About this blog

Collab in Action (CIA) is the Justice Collaboratory’s blog written by its senior research team of Camila Gripp, PhD (Criminal Justice issues) and Farzaneh Badiei, PhD (Social Media issues). The Justice Collaboratory’s mission is to bring the latest ideas in the social sciences to bear on current problems. Rooted in the tenets of procedural justice, we seek to improve both the criminal justice and social media governance systems. We do this by:

Transforming the Goal: Legitimacy. The objective of both the criminal justice and social media governance system, must be to increase trust and cooperation between communities and the state.

Transforming the Focus: Communities, not individuals, should be our most meaningful unit of analysis.

Transforming the Language: Public Safety. Public safety is not just the reduction of crime or the maintenance of order. Rather, safety requires freedom from insecurity and victimization, community disenfranchisement, and government overreach.

This blog is published by and reflects the personal views of the individual authors, in their individual capacities. It does not purport to represent Yale University's institutional views, if any. No representation is made about the accuracy of the information, which solely constitutes the authors’ personal views on issues discussed. The information contained in this blog is provided only as general information and personal opinions, and blog topics may be updated after being initially posted.

The Pro-Social Movement Starts Here

February 18, 2020

The Justice Collaboratory’s Social Media Governance Initiative (SMGI) aims to shape and lead a concerted pro-social movement for social media platforms. We want to encourage online decision makers to promote cooperation and enable communities to advocate for social norms and moral values that advance civil and civic society. Such actions can enhance trust in and legitimacy of decision makers and help promote better governance.1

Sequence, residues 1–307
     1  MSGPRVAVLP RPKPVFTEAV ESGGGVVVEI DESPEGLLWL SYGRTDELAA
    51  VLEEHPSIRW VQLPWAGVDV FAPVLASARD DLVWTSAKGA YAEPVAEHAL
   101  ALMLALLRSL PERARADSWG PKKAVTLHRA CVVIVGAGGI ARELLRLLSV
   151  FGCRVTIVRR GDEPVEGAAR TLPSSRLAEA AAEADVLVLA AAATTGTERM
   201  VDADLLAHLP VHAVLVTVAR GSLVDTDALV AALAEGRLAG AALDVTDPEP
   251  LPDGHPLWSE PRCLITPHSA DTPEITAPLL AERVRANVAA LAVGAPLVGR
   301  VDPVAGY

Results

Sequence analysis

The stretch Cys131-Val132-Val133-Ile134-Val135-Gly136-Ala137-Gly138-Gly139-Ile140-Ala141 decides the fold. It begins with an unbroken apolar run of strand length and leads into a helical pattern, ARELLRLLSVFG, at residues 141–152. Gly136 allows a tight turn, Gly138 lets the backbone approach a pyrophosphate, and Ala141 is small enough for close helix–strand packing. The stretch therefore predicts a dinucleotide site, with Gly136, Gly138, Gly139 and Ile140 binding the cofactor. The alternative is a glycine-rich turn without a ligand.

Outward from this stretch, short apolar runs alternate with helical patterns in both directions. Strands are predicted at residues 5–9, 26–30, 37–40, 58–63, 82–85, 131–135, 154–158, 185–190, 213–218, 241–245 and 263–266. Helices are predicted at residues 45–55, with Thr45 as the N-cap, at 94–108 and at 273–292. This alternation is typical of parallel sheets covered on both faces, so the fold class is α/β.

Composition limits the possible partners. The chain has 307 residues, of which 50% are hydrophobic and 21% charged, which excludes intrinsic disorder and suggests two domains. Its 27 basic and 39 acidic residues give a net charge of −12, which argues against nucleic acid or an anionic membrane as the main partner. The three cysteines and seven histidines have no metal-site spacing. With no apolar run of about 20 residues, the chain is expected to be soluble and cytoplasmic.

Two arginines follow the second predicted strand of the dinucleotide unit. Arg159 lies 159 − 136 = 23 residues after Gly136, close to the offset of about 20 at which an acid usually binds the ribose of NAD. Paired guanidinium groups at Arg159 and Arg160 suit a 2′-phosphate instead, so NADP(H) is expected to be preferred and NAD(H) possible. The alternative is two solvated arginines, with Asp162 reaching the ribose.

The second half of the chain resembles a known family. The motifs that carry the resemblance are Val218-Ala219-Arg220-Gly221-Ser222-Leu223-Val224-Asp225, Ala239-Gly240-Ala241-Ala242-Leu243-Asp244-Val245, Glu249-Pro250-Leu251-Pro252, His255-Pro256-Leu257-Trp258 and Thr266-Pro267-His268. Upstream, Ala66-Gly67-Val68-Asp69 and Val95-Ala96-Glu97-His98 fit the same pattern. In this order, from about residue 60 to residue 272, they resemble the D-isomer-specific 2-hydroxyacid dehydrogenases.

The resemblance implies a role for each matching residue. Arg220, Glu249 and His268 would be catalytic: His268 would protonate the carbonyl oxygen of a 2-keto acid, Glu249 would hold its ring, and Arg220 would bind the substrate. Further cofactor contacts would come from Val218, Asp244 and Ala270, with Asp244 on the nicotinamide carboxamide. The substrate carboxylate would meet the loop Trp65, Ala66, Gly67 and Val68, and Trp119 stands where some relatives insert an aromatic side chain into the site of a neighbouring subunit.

A few platforms already are taking steps toward pro-social action. For example, Nextdoor has a “community vitality” project to support civil discourse and help build meaningful connections.  Recently, during the coronavirus crisis Twitter decided to disable its auto-suggest results about the issue so that people do not receive or share potentially misleading information. Despite the potentially positive effects of such initiatives, taking pro-social actions is low on the list of solutions for governing people’s behavior on the Internet. Platforms continue to resort to suspending, blocking, deleting and eliminating users from their platforms as the main mechanisms for regulation. Punitive measures are inadequate to fight terrorism, disinformation, harassment and other issues. We should foster pro-social behavior so that we can keep a global, pluralistic Internet together. 

To help the social media world foster pro-social behavior, SMGI will provide research-based evidence for social media platforms and self-regulating online communities. We want to discover the problems platforms and online users and communities are struggling with and evaluate the effect of various pro-social initiatives on these platforms using theory and empirical research.

We plan to report periodically about pro-social initiatives taken by online communities and social media platforms that shape the pro-social landscape. The landscape can give us insights into more creative and less punitive governance mechanisms. We aim to document these kinds of initiatives across the Internet and strengthen the pro-social movement by evaluating these initiatives through research. 

To encourage more cooperation in this field between the academics, civil society and social media platforms, we are building a network that includes those interested in the pro-social initiative movement. The network will provide a space for scholars, activists and social media platforms to collaborate and get regular updates about innovative pro-social solutions. Join our movement!  Contact us to know more at smgi@yale.edu

1 For more information about legitimacy and trust refer to: Tyler, Tom R. Why people obey the law. Princeton University Press, 2006 and Meares, Tracey L. "Norms, legitimacy and law enforcement." Or. L. Rev. 79 (2000): 391.